[Python-Dev] PEP 510 (function specialization) rejected

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Victor Stinner

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Oct 17, 2017, 4:12:51 PM10/17/17
to Python Dev
Hi,

I rejected my own PEP 510 "Specialize functions with guards" that I
wrote in January 2016:

https://github.com/python/peps/commit/c99fb8bf5b5c16c170e1603a1c66a74e93a4ae84

"This PEP was rejected by its author since the design didn't show any
significant speedup, but also because of the lack of time to implement
the most advanced and complex optimizations."

I stopped working on my FAT Python project almost one year ago:
https://faster-cpython.readthedocs.io/fat_python.html

Victor
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Victor Stinner

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Oct 17, 2017, 4:30:45 PM10/17/17
to Guido van Rossum, Python Dev
2017-10-17 22:25 GMT+02:00 Guido van Rossum <gu...@python.org>:
> It takes courage to admit failures like this! I think this is a good call.
> It echoes the experiences with Unladen Swallow and Pyston. Despite what
> people may think, CPython really isn't slow, given the large set of
> constraints on the implementation.

Oh, I still have a long queue of optimization ideas that I want to try
:-) But first, I would like to fix the issue blocking all significant
optimizations: make the stable ABI usable to allow to change major
CPython design choices without breaking C extensions.

https://haypo.github.io/new-python-c-api.html

Sadly, I didn't find time yet to write a proper PEP for that.

Guido van Rossum

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Oct 17, 2017, 4:33:27 PM10/17/17
to Victor Stinner, Python Dev
It takes courage to admit failures like this! I think this is a good call. It echoes the experiences with Unladen Swallow and Pyston. Despite what people may think, CPython really isn't slow, given the large set of constraints on the implementation.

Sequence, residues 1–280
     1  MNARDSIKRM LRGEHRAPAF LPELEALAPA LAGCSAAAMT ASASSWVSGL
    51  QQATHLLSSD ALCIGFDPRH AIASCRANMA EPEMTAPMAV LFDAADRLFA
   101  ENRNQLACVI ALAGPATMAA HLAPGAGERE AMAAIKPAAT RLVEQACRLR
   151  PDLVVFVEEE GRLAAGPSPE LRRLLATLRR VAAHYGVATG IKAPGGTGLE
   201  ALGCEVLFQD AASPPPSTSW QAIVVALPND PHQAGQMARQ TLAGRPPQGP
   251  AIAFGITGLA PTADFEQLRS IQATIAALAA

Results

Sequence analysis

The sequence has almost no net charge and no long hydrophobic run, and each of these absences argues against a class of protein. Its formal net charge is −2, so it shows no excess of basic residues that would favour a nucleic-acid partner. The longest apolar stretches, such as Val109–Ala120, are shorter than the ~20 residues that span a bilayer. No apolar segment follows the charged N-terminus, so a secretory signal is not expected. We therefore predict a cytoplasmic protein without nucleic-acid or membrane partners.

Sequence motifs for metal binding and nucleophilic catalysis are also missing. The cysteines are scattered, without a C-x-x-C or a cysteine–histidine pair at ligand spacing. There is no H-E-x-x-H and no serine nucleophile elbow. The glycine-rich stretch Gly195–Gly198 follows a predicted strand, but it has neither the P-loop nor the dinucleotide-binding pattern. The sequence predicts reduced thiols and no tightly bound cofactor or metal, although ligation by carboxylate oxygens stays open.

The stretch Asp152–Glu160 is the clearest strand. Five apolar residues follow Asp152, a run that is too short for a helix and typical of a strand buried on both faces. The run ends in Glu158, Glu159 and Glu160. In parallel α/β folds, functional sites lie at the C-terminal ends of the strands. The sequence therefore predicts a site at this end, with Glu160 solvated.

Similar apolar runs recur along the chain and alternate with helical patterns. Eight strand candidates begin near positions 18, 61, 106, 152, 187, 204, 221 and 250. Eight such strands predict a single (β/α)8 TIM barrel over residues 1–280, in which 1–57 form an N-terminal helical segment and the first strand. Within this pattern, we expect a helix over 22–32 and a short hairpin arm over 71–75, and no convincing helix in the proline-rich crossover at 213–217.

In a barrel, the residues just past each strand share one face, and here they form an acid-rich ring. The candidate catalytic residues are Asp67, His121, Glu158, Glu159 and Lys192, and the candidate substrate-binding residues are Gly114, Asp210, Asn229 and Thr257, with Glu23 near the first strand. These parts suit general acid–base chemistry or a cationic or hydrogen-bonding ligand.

Nick Coghlan

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Oct 18, 2017, 2:27:25 AM10/18/17
to Guido van Rossum, Python Dev
On 18 October 2017 at 06:25, Guido van Rossum <gu...@python.org> wrote:
It takes courage to admit failures like this! I think this is a good call. It echoes the experiences with Unladen Swallow and Pyston.

And Armin Rigo's experience with psyco before that.

Despite what people may think, CPython really isn't slow, given the large set of constraints on the implementation.

Antonio Cuni had a good PyPy presentation at EuroPython indirectly talking about the fact that when folks say "Python is slow", what they often mean is "Many of Python's conceptual abstractions come at a high runtime cost in the reference implementation": https://speakerdeck.com/antocuni/the-joy-of-pypy-jit-abstractions-for-free

That means the general language level performance pay-offs for alternative implementations come from working out how to make the abstraction layers cheaper, as experience shows that opt-in ahead-of-time techniques like Cython, vectorisation, and binary extension modules can do a much better job of dealing with the clearly identifiable low level performance bottlenecks (Readers that aren't familiar with the concept may be interested in [1] as a good recent example of the effectiveness of the latter approach).

Cheers,
Nick.


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Nick Coghlan   |   ncog...@gmail.com   |   Brisbane, Australia
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